Friday, October 26, 2012
"I LOVED Your Book"
A wise person once told me that the best way to respond to a compliment is simply to say “thank you” and leave it at that. It’s good advice, and I do my imperfect best to follow it.
In the past couple of months I’ve had more occasion than usual to follow the advice, or try to. The publication of my mystery novel, The McHenry Inheritance, and the resultant publicity led to the realization that a gratifyingly high number of people I know were willing to buy the book, read it, or both. Consequently, there were a number of follow-up compliments.
Back in August, I wrote in this space about the problematic nature of evaluating reviews of one’s book — especially the type that can be put up on Amazon by anyone who bought it. That’s a plenty daunting proposition, but it’s easier than trying to assess the validity of compliments from friends and acquaintances.
Experience of a Cynical Newspaperman
My attitude toward receiving compliments will be colored, to my dying day, by two decades of working for a newspaper. For more than half the time I was an editor with the power to determine which stories got written. In that position, there was a pretty simple rule about compliments. At least 98 percent of the time you got one, it would soon be followed by a request for a favor and ha to be considered insincere.
As the proud author of a book, I’m not dealing with favor-seekers anymore, but with well-meaning friends. And the first consideration in evaluating their compliments is to remember that almost no friend is going to tell you your book is a piece of crap and you just made a public jackass of yourself by publishing it. So when they tell you they loved it, what do they mean?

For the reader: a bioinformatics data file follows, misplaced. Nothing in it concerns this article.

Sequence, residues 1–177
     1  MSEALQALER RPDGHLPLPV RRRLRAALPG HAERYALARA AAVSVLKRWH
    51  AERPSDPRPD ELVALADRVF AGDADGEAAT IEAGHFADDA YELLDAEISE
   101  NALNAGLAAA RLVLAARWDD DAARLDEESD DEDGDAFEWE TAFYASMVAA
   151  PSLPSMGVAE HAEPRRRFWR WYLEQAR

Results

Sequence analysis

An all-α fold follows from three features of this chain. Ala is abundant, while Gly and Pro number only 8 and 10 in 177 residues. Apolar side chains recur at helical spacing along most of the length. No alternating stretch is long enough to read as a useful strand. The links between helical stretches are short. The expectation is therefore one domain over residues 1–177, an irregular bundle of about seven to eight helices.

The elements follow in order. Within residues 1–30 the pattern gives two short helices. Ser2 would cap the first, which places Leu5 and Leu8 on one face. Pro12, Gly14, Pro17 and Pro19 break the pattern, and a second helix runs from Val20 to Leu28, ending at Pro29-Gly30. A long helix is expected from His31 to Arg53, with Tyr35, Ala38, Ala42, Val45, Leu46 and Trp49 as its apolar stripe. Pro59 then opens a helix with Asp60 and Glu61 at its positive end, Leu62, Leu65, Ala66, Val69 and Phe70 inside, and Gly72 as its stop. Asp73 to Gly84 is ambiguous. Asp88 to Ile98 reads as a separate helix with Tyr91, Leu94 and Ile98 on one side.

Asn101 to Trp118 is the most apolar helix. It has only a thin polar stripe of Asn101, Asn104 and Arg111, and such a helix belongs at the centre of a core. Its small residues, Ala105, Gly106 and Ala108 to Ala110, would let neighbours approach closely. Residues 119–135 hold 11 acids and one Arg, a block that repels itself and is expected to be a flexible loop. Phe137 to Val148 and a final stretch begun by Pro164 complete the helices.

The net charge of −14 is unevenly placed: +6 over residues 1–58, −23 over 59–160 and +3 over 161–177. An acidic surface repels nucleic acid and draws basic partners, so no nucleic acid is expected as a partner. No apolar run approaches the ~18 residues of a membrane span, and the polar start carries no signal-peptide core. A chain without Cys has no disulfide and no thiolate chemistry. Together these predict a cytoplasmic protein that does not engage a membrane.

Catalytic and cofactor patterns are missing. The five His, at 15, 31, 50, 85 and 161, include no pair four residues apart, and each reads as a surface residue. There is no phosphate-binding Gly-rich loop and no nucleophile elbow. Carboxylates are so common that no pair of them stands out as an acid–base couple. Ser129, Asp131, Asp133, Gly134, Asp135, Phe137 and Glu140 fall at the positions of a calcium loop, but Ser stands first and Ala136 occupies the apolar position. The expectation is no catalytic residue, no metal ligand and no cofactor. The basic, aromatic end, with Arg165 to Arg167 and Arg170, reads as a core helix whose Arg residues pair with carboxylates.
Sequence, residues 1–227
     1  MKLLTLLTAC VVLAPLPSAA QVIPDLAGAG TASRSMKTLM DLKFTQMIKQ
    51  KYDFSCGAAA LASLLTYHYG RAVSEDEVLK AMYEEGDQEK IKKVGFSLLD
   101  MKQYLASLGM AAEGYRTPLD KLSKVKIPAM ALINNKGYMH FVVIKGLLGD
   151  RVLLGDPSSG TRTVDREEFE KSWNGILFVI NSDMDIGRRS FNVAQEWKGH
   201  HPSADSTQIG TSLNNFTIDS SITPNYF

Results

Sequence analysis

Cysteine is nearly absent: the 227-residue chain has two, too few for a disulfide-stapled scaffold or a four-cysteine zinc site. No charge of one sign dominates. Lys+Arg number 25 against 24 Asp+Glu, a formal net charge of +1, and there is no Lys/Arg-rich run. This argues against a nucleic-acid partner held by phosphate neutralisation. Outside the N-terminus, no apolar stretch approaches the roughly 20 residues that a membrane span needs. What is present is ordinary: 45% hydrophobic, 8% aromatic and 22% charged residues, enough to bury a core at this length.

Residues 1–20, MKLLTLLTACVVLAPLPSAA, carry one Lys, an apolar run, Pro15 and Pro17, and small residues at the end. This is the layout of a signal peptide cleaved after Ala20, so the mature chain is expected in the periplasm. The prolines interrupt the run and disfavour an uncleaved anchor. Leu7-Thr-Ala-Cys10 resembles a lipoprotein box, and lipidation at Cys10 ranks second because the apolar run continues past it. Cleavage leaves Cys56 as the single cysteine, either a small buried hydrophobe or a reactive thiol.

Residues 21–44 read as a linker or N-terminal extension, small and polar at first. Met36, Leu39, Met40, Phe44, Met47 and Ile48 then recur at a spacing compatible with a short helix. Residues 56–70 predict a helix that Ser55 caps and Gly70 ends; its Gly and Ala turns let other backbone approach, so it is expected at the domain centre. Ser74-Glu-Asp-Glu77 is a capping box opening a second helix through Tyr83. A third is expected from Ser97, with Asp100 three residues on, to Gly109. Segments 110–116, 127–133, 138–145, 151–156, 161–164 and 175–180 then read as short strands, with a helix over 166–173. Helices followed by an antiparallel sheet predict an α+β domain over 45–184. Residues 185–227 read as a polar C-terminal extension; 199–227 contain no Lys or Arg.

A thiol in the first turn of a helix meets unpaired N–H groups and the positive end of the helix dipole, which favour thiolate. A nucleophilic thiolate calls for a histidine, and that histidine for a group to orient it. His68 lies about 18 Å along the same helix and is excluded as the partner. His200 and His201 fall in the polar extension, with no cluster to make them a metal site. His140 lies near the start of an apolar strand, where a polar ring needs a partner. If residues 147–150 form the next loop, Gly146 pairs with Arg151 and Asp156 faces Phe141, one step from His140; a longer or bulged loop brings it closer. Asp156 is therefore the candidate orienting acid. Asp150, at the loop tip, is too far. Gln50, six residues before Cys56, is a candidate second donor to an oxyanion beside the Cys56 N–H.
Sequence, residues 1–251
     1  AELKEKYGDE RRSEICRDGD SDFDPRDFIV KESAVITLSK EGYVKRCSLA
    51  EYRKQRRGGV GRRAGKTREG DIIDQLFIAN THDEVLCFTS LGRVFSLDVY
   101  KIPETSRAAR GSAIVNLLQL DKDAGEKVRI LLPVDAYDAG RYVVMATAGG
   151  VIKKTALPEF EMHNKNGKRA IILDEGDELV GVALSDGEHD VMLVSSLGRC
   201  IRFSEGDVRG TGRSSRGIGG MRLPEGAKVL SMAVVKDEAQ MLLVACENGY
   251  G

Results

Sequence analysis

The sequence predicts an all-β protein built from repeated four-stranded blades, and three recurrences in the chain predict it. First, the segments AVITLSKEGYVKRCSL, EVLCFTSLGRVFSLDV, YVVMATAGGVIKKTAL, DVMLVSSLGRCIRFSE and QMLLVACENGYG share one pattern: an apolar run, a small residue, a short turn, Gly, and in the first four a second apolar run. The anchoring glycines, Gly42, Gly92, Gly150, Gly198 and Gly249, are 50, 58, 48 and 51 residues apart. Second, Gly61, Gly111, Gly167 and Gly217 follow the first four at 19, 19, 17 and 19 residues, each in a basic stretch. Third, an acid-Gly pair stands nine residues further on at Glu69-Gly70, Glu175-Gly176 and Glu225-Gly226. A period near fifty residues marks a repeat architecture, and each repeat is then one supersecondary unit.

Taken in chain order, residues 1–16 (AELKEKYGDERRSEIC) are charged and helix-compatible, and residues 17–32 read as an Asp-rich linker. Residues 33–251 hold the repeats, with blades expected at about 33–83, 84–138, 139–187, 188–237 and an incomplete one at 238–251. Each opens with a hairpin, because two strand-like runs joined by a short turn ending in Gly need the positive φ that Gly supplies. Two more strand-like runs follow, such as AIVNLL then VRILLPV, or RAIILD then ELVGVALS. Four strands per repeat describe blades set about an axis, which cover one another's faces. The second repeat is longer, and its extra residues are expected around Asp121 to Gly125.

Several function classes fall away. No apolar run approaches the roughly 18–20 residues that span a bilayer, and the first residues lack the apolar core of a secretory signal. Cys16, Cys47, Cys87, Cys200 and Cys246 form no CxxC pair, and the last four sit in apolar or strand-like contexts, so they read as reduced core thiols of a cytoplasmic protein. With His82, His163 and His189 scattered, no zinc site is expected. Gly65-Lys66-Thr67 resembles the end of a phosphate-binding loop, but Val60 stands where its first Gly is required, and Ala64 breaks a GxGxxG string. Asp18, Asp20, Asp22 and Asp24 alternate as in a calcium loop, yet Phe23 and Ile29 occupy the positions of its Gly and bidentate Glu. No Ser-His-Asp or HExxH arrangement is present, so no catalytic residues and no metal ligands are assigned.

You can go nuts obsessing about that, and I try not to. But I have, for whatever it’s worth, come up with a few rules of thumb for evaluating praise. If someone says, “I loved your book,” then changes the subject, it may mean they didn’t like it (or didn’t read it) but felt they had to say something nice. Or it could mean they did like it but are uncomfortable giving a compliment. I give the friend the benefit of the doubt and assume the latter but try not to assign much weight to it.
The Compliments That Resonate
What really gets my attention is when the compliment is followed by further discussion of the book. If the compliment is followed, for example, by a number of questions about the book, how I got the ideas for it, how long it took to write, etc., I figure that’s probably an expression of genuine interest and take the compliment more seriously.
Better yet is when the person who compliments the book talks about its content in some detail and with genuine perception. Last week I got a call from one of Linda’s friends, who wanted to say she enjoyed the book and went on to talk about some of the details she liked in Chapter 7. They were details I felt I had nailed, so the compliment was particularly meaningful.
Best of all, of course, are the rare compliments from total strangers. A woman in the Minneapolis-St. Paul area, who has never met me, wrote on a blog that she had read The McHenry Inheritance while recovering from a major surgery, had really enjoyed it, and planned to recommend it to her book club. Now that’s a compliment you can take to the bank.